Coston would not, however, entertain the idea put forth next by Brown that the commission could hold a special called meeting early next week to vote on the matter so that a resolution might be passed prior to a vote on the bill in the House.
Brown went off in his commissioner comments at the end of the meeting, saying the other board members were selectively enforcing policies to shut him down.
“I have had documents submitted to me five minutes before a meeting starts, nobody made an issue. Guess what, this is the United States of America. You can vote against something at a meeting. If you don’t like it and don’t feel like you have enough information, then vote it down. But for God’s sake, give it a chance,” Brown said, and compared the situation to his two years as chairman when he said everyone had “totally uninhibited free speech. That’s changed.”
He went on to compare the current direction of the commission unfavorably to the former regime.
“I just pray that we’re not going to end up in a situation where we start voting people’s items off agendas, we start saying you can’t have this and that. We had that. Everybody remember the Frady, Hearn and Horgan days? They voted my items right off the agenda. Let’s not go back there ladies and gentlemen,” Brown said to the crowd.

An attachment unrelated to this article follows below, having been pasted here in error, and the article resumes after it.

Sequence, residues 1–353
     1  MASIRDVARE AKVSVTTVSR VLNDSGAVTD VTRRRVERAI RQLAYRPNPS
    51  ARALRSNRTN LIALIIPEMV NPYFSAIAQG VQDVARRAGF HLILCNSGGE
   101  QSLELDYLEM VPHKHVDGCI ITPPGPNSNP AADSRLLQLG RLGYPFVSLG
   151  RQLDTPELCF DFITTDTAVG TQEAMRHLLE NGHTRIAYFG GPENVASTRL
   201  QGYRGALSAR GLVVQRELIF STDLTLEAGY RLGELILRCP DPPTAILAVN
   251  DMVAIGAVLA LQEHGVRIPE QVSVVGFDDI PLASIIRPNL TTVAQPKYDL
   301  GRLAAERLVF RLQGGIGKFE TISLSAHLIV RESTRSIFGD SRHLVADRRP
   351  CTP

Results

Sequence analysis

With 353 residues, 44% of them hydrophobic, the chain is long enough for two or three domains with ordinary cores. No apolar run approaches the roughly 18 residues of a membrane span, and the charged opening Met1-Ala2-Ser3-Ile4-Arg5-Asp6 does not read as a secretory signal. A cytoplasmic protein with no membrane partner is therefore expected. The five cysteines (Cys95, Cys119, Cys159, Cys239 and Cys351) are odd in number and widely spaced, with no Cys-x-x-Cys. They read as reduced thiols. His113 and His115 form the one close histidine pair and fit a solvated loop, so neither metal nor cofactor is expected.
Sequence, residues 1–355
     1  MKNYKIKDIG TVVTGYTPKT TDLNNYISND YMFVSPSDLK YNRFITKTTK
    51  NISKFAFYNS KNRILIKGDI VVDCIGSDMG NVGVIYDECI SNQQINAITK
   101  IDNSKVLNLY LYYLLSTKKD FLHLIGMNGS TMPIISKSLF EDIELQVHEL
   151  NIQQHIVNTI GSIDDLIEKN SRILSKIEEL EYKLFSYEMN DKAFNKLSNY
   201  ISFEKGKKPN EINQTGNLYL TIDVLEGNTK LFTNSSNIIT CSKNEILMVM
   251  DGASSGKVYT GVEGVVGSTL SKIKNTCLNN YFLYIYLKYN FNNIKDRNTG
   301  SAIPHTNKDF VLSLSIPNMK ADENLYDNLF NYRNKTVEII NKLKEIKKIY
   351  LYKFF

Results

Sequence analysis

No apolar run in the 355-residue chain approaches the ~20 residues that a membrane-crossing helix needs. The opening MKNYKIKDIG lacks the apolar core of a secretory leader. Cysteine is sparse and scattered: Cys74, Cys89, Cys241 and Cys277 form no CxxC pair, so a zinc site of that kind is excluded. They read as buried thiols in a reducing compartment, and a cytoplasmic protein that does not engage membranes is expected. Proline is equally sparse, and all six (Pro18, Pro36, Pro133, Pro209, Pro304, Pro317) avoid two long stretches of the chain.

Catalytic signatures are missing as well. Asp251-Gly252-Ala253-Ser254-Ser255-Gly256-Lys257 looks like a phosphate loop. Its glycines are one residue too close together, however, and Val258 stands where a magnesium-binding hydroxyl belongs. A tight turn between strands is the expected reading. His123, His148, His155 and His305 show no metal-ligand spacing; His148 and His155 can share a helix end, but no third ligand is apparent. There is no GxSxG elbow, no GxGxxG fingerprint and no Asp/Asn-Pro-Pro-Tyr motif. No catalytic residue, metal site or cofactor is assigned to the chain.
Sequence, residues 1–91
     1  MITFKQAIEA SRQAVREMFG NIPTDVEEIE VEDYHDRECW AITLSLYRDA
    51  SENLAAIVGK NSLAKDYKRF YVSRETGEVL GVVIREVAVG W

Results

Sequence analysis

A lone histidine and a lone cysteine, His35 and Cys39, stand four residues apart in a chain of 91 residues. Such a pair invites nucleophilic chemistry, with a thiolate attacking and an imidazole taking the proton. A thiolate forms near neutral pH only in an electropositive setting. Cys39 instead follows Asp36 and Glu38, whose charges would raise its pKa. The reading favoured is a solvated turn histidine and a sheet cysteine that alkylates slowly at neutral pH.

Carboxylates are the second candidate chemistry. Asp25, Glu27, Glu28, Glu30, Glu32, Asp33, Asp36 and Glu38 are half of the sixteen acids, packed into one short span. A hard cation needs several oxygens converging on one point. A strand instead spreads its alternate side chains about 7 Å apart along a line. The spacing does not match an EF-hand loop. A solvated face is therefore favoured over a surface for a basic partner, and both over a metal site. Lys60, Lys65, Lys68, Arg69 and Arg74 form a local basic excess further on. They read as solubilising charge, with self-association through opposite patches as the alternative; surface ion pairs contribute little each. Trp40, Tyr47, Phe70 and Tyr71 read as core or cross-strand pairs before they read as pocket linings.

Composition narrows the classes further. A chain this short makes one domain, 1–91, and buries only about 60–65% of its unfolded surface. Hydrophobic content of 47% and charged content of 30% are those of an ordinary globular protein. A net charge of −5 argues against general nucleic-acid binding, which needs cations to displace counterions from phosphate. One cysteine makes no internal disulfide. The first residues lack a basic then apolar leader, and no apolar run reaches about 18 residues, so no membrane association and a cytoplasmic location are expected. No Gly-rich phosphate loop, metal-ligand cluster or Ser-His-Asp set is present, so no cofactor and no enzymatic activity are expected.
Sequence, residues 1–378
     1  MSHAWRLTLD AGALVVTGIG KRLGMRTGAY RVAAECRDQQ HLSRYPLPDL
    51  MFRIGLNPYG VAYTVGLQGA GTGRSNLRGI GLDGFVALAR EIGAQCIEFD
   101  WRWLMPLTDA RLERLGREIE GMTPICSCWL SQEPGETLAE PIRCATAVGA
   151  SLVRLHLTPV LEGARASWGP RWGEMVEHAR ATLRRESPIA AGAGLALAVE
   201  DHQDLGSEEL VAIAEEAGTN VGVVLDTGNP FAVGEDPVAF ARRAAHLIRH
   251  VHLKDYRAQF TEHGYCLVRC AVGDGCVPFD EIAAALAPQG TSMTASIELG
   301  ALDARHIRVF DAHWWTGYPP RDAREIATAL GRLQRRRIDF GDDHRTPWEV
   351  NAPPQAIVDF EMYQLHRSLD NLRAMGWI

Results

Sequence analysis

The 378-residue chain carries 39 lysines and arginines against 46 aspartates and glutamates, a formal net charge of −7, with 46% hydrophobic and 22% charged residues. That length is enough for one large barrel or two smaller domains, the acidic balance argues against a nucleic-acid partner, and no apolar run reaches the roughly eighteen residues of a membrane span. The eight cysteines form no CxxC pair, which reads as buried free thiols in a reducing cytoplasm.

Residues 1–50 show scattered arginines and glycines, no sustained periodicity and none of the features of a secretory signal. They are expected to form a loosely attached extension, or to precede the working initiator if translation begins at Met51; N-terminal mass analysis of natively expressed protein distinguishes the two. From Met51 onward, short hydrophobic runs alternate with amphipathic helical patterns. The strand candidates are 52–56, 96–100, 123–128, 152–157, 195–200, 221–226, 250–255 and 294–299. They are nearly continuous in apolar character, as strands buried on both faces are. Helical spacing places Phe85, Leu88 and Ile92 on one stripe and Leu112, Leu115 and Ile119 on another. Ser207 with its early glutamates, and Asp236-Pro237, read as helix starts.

Oddo disagreed that the commission had been trying to prevent Brown from speaking, and again said that Brown had not communicated appropriately with the other commissioners.
“There has not been a change in policies. Nobody was cut off, nobody will be cut off. But I expect the Board of Commissioners to follow the protocol that we’ve set up. If we don’t communicate among ourselves then you’ll see more of this,” Oddo said. “I apologize to everyone tonight that had to see this, because this is not the way it should be. There was ample opportunity to bring this to the other commissioners, we’re all available to listen. Whoever calls me on my cell phone, 99-percent of the time I answer. Next board meeting we’ll have a proposal to discuss, as it should be.”
Oddo also told the audience not to “wait on us,” before contacting their representatives about H.B. 170.